Payments – the secret solution to improving your bottom line without gutting your tech stack
Ever considered how your customers like to pay? A customer’s payment preference should be an important consideration in any business strategy, but payments systems are often not prioritised or come as an afterthought. Too often, businesses spend time and resources on everything from product perfection to outstanding customer service but forget to consider what happens when it’s time for money to change hands.
Failing to take into account customers’ payment preferences leads to friction in the buying journey. Knowing how your customers prefer to pay can lead to increased conversion, improved customer loyalty, and reduced churn — ultimately bolstering the bottom line, and making it easier to scale locally and internationally.
The go-to payment method is assumed to be credit card, but research suggests that this assumption is increasingly unfounded. Some businesses are using this shift in attitudes as an opportunity to reassess payment options right across the board; and the emergence of open banking will accelerate the uptake of faster, smarter, more secure card alternatives.
Preference is for a more secure and low-cost way to take payments
A recent YouGov and GoCardless survey of over 15,000 consumers across Australia, Canada, Germany, France, the UK, and the US found that bank debit — bank-to-bank direct debit — is the first choice for recurring payments (2nd only in the US).
Consumer preference for bank-debit stems from better security as bank accounts do not get lost or stolen, no or low cost with often no surcharges, as well as the convenience of being able to set and forget.
For merchants, bank debit is automated, cheaper and low touch for paying customers. It is a pull-based payment method so payments, once authorised, are pulled from the customer’s bank account at the time they are due.
Bank debit is particularly effective for recurring payments but is also flexible enough for variable and one-off payments and has higher payment success rates and lower fees than cards.
Credit Cards are still widely used, despite the drawbacks
Credit cards have been the default payment method for most businesses because of high acceptance rates and the issuers’ global networks. However, they have some real deficiencies, and are among the least preferred payment methods of consumers, even in North America.
For merchants, the stand-out issue is cost. Card networks can charge up to 2% per domestic transaction uncapped. For comparison, an account-to-account platform like GoCardless charges 1% + $0.40, capped at $4 per bank debit transaction (with scale pricing available for larger organisations).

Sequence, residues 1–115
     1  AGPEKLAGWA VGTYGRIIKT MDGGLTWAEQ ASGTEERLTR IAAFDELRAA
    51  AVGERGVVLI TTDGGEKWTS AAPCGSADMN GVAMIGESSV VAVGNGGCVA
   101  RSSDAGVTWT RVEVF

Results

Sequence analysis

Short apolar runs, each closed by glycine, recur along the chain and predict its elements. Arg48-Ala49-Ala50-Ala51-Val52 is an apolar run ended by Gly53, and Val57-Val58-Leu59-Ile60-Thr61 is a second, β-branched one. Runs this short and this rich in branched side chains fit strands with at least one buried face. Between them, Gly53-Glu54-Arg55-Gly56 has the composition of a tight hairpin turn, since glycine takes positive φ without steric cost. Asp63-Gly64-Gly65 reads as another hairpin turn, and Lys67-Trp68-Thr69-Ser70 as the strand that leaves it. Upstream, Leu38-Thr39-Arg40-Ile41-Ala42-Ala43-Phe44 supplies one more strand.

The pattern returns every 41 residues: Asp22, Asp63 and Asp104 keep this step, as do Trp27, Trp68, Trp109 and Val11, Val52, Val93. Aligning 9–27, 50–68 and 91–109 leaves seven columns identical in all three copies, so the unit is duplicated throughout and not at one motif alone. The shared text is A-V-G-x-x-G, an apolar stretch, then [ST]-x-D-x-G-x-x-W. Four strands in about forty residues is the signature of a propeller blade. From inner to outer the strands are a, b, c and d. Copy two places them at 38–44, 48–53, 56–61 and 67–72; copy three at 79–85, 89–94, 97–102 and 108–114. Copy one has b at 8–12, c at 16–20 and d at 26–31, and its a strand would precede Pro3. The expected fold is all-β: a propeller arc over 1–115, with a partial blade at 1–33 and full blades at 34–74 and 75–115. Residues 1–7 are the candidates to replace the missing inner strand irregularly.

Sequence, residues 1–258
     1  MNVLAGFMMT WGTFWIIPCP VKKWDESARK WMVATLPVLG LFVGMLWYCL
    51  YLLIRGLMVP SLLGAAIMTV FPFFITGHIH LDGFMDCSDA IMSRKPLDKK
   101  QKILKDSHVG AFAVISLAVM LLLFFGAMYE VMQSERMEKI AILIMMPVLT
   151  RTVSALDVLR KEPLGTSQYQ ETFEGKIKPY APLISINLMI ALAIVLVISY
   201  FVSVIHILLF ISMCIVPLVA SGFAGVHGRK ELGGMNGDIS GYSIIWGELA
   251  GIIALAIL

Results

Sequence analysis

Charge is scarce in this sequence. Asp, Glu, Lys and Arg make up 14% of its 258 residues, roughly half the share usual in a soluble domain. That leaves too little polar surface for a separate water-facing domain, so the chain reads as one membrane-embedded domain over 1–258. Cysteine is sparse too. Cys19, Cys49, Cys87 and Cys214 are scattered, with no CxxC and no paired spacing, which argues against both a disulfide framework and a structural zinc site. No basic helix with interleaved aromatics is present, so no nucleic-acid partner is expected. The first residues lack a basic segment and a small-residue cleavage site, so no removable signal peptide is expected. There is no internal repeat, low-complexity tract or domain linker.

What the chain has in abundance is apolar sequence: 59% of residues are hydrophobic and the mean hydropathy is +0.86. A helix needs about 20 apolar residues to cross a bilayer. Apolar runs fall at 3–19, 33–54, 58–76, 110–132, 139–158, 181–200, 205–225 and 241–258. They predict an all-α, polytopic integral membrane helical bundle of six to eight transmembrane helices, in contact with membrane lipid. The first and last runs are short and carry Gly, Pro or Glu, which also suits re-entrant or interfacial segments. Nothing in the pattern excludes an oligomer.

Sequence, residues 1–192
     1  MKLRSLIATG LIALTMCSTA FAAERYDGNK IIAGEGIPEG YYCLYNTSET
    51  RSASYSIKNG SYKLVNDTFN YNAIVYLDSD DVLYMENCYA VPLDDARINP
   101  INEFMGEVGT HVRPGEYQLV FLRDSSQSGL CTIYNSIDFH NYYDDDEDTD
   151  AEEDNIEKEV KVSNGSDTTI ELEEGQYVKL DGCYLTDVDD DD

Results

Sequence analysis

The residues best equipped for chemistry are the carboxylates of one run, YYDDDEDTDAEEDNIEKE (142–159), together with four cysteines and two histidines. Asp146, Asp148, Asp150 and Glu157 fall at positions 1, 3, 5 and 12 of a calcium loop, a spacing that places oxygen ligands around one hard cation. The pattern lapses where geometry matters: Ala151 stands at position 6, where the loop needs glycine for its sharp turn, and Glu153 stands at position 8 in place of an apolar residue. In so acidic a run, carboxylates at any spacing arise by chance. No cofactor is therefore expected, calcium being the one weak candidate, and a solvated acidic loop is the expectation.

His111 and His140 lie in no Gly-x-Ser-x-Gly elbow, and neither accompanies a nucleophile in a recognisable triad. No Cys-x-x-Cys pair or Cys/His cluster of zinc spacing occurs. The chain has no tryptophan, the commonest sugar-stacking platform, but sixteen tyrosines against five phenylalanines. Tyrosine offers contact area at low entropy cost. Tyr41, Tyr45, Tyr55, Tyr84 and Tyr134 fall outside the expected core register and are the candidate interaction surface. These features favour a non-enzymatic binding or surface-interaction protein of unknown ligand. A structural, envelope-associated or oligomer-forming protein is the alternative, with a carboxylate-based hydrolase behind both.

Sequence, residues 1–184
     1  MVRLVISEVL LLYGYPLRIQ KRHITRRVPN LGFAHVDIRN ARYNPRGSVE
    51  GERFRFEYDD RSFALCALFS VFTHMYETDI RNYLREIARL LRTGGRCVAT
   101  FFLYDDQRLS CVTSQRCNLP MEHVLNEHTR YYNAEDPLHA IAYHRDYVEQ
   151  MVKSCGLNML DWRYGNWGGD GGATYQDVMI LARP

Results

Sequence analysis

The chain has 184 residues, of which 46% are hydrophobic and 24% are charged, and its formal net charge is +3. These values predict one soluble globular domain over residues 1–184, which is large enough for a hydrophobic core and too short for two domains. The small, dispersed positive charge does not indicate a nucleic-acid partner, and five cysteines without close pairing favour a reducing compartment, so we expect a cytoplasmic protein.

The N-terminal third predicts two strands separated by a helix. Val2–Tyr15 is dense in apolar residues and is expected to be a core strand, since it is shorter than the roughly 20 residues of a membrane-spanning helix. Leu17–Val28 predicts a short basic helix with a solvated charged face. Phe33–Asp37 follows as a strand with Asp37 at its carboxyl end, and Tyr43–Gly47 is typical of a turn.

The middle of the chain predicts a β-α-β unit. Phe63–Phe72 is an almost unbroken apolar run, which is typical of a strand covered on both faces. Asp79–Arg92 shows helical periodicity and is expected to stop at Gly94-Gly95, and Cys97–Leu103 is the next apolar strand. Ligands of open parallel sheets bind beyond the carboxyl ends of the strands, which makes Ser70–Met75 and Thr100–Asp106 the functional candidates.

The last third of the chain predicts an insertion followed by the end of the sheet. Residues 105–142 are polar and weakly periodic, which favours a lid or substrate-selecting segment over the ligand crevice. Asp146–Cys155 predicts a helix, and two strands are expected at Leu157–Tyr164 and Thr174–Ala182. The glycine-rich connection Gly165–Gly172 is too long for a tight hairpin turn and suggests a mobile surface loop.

Roughly 10-15% of card payments fail because cards are lost, expire, or are rejected by issuing banks. And every failed payment needs to be retried and rectified, adding to the admin burden of trying to recover these failed payments. Small businesses stand to lose $10,500 every year in uncollected payments, while mid-sized businesses stand to lose $38,000 and that’s without considering admin and recovery costs. Failed payments can lead to huge cash flow bottlenecks that stunt growth. Bank debit uses a customer’s bank details which rarely change. GoCardless customers can expect failure rates as low as 3% and even lower when using smart retries.
The stats beg the question: why are businesses slow to adopt bank debit?
Perhaps fears of installation costs are behind a general reticence? But Luke Fossett, Director ANZ Sales at GoCardless says transforming your businesses payment strategy to leverage the demand for bank debit doesn’t mean completely scrapping the existing tech stack. Technology now exists to integrate a bank account solution into a business’s ecosystem.
“We’ve been able to insert our solution on top of a legacy architecture in 30 countries worldwide. As a result, we helped merchants access payment methods their customers have and want to use” he added.
The London-based Fintech works with over 70,000 businesses, processing US$30 billion payments worldwide annually. The company’s technology integrates easily into the systems that businesses rely on to operate. It provides excellent support for merchants looking to do so and offers a choice of approaches.
“We have two ways of being able to work with merchants. One is through direct API integration. The other is via over 350 partner integrations,” said Tanya Martin, Head of Partnerships at GoCardless. “In the instance of these partner integrations, the beauty is, if you as a merchant are already using one of these platforms to manage your billing, you can then access GoCardless through that platform with no further development work required at all. […] “We also have an onboarding team of customer success and solutions engineering to help you through that process, as you do that build or start using GoCardless, to make sure it’s a smooth process.”